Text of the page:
To the outside world, Emile Heskey had the world at his feet.
But inwardly, as Liverpool’s new £11million record signing, the 22-year-old England centre-forward was finding it hard to adapt to his new surroundings.
“The struggle wasn’t a football struggle it was an off-pitch struggle where I didn't know if it was the right move, if I'm honest. I came from Leicester, with my support mechanism [left behind] in Leicester,” Heskey has told The Sportsman’s Chris Sutton in an exclusive interview. “I’d left my house, I wasn’t living at home with my parents and everyone there.
“All of a sudden I was in another city, it could have been on the other side of the world, it didn’t matter. I struggled with being away from everyone and being on my own, I didn’t know if it was the right move.
“But then I’d go from that, where I’d be upset with nobody around, then I’d go to training and be fine. I’m around the lads, my family within football. Then I’d go from there back to mine and be stuck within these four walls thinking: ‘What do I do?’”
Heskey, speaking as part of The Sportsman’s ‘Sutton’s Big Games’ series, adds that he would make trips back to his home town for the most trivial of reasons following his high-profile transfer in 2000.
“I wouldn’t say [I was] depressed, but I was just anxious. I don’t know what to call it, to be honest with you. I felt lost in a strange place that I didn’t know,” he continues.
“The littlest things would upset me. So when I couldn’t find anywhere to cut my hair I would drive back to Leicester to get a haircut, to then drive back up to Liverpool. It was the smallest of things that would get me upset, and I was out of my comfort zone as such and I had to grow up. And that I did. Eventually.”
And while player liaison officers were available to help Heskey and fellow new signings such as Bernard Diomede, Markus Babbel and Igor Biscan, the striker was reticent to ask for help given his relatively straight-forward switch.
“We had a player liaison, but in my mind it was meant for the foreign lads because they were coming from abroad, they need help to know where everything is to get set up,” he explains. “I never thought it was for me who lived down the road. Liverpool to Leicester is only down the road compared to someone from Croatia or somewhere like that.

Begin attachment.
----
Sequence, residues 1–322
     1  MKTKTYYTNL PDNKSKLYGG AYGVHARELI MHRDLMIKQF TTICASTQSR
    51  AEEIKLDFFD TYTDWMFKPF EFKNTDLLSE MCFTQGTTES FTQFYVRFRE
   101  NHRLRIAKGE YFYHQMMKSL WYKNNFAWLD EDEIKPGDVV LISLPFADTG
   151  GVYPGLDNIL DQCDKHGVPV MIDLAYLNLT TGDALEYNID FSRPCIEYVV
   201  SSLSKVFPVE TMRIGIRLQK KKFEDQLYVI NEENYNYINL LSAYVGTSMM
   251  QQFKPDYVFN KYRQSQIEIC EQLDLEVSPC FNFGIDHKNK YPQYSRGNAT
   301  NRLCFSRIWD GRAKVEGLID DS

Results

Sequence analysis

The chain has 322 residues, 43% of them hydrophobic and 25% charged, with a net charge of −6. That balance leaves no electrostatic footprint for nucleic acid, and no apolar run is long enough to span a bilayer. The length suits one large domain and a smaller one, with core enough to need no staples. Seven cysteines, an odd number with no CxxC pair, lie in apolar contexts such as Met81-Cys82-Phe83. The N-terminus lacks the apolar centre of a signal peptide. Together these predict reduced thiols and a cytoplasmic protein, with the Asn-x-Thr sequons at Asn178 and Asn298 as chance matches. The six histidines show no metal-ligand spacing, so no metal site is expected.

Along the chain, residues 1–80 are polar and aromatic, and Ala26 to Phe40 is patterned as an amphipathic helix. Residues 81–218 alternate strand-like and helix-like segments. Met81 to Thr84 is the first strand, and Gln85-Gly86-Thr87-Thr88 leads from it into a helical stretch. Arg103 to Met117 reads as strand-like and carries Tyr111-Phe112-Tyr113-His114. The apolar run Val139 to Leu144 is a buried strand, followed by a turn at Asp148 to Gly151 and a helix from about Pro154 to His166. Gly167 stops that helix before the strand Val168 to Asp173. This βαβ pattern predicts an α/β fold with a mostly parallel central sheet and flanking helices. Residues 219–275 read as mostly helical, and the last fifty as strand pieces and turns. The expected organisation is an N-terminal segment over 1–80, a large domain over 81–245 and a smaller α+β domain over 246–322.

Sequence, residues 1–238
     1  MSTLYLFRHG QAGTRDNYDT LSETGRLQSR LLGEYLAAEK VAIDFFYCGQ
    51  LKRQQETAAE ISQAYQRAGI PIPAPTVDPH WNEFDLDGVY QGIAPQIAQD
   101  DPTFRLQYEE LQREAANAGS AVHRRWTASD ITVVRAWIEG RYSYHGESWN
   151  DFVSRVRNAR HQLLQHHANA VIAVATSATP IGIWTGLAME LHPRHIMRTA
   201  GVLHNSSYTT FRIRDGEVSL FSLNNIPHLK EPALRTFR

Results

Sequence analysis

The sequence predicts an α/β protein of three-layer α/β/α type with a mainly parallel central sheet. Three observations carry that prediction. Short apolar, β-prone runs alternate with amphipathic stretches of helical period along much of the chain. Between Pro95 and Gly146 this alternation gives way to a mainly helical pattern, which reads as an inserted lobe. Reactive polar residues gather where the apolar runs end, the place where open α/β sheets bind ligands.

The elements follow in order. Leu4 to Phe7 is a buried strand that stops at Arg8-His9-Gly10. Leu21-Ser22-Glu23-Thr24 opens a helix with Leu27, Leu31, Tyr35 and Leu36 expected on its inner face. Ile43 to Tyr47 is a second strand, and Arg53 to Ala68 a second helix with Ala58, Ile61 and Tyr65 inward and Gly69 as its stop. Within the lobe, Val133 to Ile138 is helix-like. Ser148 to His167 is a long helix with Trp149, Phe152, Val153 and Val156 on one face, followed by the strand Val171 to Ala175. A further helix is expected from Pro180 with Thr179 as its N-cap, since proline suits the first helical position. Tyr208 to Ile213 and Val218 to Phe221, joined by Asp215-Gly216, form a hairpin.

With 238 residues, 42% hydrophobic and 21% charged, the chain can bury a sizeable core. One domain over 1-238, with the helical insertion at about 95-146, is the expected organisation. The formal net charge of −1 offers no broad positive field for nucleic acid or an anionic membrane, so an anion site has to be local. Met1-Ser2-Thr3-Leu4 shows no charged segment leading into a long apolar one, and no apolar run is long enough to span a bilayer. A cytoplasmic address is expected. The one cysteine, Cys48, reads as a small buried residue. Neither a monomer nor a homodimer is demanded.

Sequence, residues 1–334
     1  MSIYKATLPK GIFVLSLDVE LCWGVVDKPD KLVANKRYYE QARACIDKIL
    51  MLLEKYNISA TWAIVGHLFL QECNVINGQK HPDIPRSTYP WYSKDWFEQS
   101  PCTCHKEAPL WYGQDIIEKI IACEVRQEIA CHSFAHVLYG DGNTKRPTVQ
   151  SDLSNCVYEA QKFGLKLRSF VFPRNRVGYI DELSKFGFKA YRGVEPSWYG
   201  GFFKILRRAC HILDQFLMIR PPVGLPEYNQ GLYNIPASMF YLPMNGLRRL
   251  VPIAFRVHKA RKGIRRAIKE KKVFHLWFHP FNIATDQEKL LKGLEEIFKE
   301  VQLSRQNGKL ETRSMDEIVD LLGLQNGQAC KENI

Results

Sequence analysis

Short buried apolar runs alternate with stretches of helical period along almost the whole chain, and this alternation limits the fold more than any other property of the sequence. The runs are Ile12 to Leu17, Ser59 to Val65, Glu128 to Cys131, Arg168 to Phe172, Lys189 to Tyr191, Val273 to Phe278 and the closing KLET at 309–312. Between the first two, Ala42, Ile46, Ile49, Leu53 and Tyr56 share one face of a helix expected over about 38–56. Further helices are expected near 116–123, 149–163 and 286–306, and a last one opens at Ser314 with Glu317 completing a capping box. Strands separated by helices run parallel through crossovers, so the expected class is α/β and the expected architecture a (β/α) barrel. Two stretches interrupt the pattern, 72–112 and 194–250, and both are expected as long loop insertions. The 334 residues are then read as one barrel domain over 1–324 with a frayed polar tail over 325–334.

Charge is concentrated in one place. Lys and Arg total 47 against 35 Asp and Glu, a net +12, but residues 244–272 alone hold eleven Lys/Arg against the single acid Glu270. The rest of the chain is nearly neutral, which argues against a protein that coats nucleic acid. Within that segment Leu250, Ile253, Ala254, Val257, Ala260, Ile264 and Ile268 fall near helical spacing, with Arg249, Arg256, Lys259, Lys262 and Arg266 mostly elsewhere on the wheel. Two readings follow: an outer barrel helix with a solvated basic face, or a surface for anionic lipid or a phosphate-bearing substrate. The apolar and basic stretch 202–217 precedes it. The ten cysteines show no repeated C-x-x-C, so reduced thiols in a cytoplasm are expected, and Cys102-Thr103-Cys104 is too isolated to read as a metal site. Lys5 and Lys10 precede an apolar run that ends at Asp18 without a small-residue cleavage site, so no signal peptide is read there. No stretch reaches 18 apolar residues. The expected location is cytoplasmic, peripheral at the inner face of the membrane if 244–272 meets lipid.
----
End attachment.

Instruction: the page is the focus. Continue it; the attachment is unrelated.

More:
“I’d probably have my family move up with me [in hindsight]. I was only 22 at the time, and although I was doing really well within football I was still a young 22-year-old.”
Thankfully, Heskey did go on to achieve success with Liverpool, scoring 60 times in 223 appearances and winning five major trophies in a four-year spell at Anfield. He also played alongside some great players on Merseyside, with Steven Gerrard chief amongst them:
“At Liverpool probably Stevie G [was the best]. Followed closely by Gary McAllister. Stevie was only a young lad when I joined. I was 22 so Stevie was 19 or 20, but you could see the potential on him. He was such a driving force. He played wide right and wide left sometimes but you could see he was going to be a future captain.
“I’d been around senior players at Leicester, those strong characters and players you could go to, and Macca was that guy. He was 36 when he came to Liverpool yet he was at the front of all the running. I was like ‘What are you doing, get back here with me!’
“I expect Stevie to do well in management. I believe he’s a leader, and managers need to be leaders. He’s done that and can pass on that knowledge as well.”
Heskey and Sutton were in conversation ahead of Wednesday’s Merseyside derby between Liverpool and Everton, with the former Anfield front man also explaining why England missed out on glory during his 62-cap career with the Three Lions.